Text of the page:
The Commission may decide to review or amend these guidelines at any time if this should be necessary for reasons associated with competition policy or in order to take account of other Community policies and international commitments.


(1)  Regional top-ups for aid granted for such purposes are therefore not considered as regional aid.

(2)  OJ C 74 10.3.1998, p. 9, modified in OJ C 288 9.10.1999, p. 2, and OJ C 285 9.9.2000, p. 5.

(3)  Point 4.4 of the regional aid guidelines was amended by the Community Guidelines on State aid for rescuing and restructuring firms in difficulty, OJ C 288, 9.10.1999, p. 2.

(4)  OJ C 70, 19.3.2002, p. 8, as amended in OJ C 263, 1.11.2003, p. 3.

(5)  See in this respect the judgment of the Court of Justice in Case 730/79, Philip Morris [1980], ECR 2671, paragraph 17 and in Case C-169/95, Spain v Commission [1997], ECR I-135, paragraph 20.

(6)  See in this respect the judgment of the Court of First Instance in T-380/94, AIUFFASS and AKT [1996], ECR II-2169, paragraph 54.

(7)  For the purposes of these guidelines ‘coal’ means high-grade, medium-grade and low-grade category A and B coal within the meaning of the international codification system for coal laid down by the United Nations Economic Commission for Europe.

(8)  OJ C 28 of 1.2.2000, p.2. Corrigendum OJ C 232 12.8.2000, p. 17.

(9)  The sectors covered by special rules over and above those set out here are currently: transport and shipbuilding.

(10)  OJ L 10, 13.1.2001, p. 33. Regulation as amended by Regulation (EC) No 364/2004 (OJ L 63, 28.2.2004, p. 22).

(11)  OJ C 244, 1.10.2004, p. 2.

(12)  In particular, aid granted to large or medium-sized enterprises during the restructuring period must always be notified individually to the Commission, even if it is granted as part of an approved scheme.

(13)  OJ L 83, 27.3.1999, p. 1.

(14)  OJ L 142, 14.5.1998, p. 1.

(15)  This 42 % limit is estimated to rise to 45,5 % on an EU-27 basis following the Accession of Bulgaria and Romania.

(16)  Application of the safety net will lead to a total population coverage of about 43.1 % on an EU-25 basis, or 46,6 % on an EU-27 basis.

(17)  Case 248/84, Germany v Commission [1987, ECR 4013, paragraph 19.

(18)  Regulation (EC) No 1059/2003 of the European Parliament and of the Council of 26 May 2003 on the establishment of a common classification of territorial units for statistics (NUTS) OJ L 154, 21.6.2003, p. 1. The NUTS nomenclature is used by EUROSTAT as a reference for the collection, development and harmonisation of EU regional statistics and for socio-economic analyses of the regions.

(19)  The underlying assumption being that the GDP indicator is capable of reflecting synthetically both the phenomena mentioned.

(20)  In this, and all subsequent references to GDP per capita in these guidelines, GDP is measured in terms of purchasing power standards.

(21)  The data cover the period 2000-2002.

(22)  Azores, Madeira, Canary Islands, Guadeloupe, Martinique, Réunion and French Guyana.

(23)  In practice, 75 % of the average EU-15 GDP per capita corresponds to 82,2 % of the average EU-25 GDP per capita.

(24)  These regions are subsequently referred to as the ‘statistical effect’ regions.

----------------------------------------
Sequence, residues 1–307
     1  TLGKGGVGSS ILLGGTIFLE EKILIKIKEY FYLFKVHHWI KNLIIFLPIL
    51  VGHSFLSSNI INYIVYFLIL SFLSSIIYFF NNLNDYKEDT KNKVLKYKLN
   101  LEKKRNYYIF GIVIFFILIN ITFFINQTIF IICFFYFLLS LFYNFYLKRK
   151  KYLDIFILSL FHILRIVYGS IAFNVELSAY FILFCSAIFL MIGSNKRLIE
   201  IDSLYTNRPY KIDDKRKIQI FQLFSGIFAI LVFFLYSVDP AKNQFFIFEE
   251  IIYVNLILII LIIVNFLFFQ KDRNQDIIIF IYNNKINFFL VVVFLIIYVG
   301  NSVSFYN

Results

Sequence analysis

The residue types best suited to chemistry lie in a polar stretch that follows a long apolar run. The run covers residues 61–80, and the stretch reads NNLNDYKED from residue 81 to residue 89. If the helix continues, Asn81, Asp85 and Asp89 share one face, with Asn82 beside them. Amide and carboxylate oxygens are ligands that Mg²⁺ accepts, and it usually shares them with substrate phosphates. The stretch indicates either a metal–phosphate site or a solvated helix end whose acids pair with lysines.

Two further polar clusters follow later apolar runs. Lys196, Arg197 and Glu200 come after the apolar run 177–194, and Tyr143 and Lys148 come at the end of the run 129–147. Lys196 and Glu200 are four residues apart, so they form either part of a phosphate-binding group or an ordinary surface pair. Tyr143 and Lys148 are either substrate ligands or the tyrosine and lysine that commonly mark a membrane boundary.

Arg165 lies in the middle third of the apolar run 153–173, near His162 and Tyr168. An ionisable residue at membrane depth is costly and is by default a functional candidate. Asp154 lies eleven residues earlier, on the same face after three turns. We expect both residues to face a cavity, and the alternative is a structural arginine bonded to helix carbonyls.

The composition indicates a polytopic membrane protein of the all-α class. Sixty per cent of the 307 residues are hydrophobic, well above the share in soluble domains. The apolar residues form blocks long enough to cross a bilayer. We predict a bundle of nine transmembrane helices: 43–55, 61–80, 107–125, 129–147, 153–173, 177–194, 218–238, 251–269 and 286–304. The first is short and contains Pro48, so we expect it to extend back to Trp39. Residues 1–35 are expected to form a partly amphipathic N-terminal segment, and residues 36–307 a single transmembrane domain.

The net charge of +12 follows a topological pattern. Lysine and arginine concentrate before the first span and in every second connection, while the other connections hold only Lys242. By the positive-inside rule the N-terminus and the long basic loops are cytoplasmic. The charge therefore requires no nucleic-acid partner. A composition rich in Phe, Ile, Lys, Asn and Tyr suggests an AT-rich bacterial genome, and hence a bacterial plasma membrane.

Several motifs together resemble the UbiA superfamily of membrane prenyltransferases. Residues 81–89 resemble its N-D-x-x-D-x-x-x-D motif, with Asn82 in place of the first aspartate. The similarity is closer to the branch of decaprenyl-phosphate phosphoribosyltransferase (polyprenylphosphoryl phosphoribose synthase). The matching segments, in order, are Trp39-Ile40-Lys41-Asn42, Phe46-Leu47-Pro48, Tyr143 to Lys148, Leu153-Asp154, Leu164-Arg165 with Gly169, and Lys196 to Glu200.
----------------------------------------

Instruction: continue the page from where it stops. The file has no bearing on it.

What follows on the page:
(25)  Footnote 17, supra.

(26)  With the exception of Member States whose entire territory is eligible for the derogation under Article 87(3)(a).

(27)  Subsequently referred to as the ‘economic development’ regions.

(28)  Although it was not eligible for aid pursuant to Article 87(3)(a), Northern Ireland has in fact benefited during the period 2000-2006 from the same aid intensities as many of the Article 87(3)(a) regions. Accordingly, Northern Ireland should also be considered as an economic development region for the purposes of these Guidelines.

(29)  Calculated on the basis of the NUTS III option of paragraph 30(b) of these guidelines.

(30)  The same method was used by the Commission in its 1998 Guidelines on national regional aid: Annex 3, paragraphs 4-7.

(31)  Those statistical effect regions which from 1 January 2011 are not eligible for the derogation under Article 87(3)(a) are automatically eligible under Article 87(3)(c).

(32)  Taking account of their small size, for Cyprus and Luxembourg it is sufficient that the regions designated have either a GDP per capita which is less than the EU average, or an unemployment rate which is higher than 115 % of the national average, and have a minimum population of 10 000 inhabitants.

(33)  In order to prevent double counting, this criterion should be applied on a residual basis, after taking account of the relative wealth of the regions concerned.

(34)  For example peninsulas and mountainous regions.

(35)  This minimum limit may be reduced in the case of islands and other areas categorised by similar geographical isolation.

(36)  Replacement investment may however qualify as operating aid under certain conditions as set out in section 5.

(37)  Consequently, the sole acquisition of the shares of the legal entity of an enterprise does not qualify as initial investment.

(38)  A job is deemed to be directly created by an investment project if it concerns the activity to which the investment relates and is created within three years of completion of the investment, including jobs created following an increase in the utilisation rate of the capacity created by the investment.

(39)  In the case of aid which is subject to individual notification to and approval by the Commission, confirmation of eligibility must be made conditional on the Commission decision approving the aid.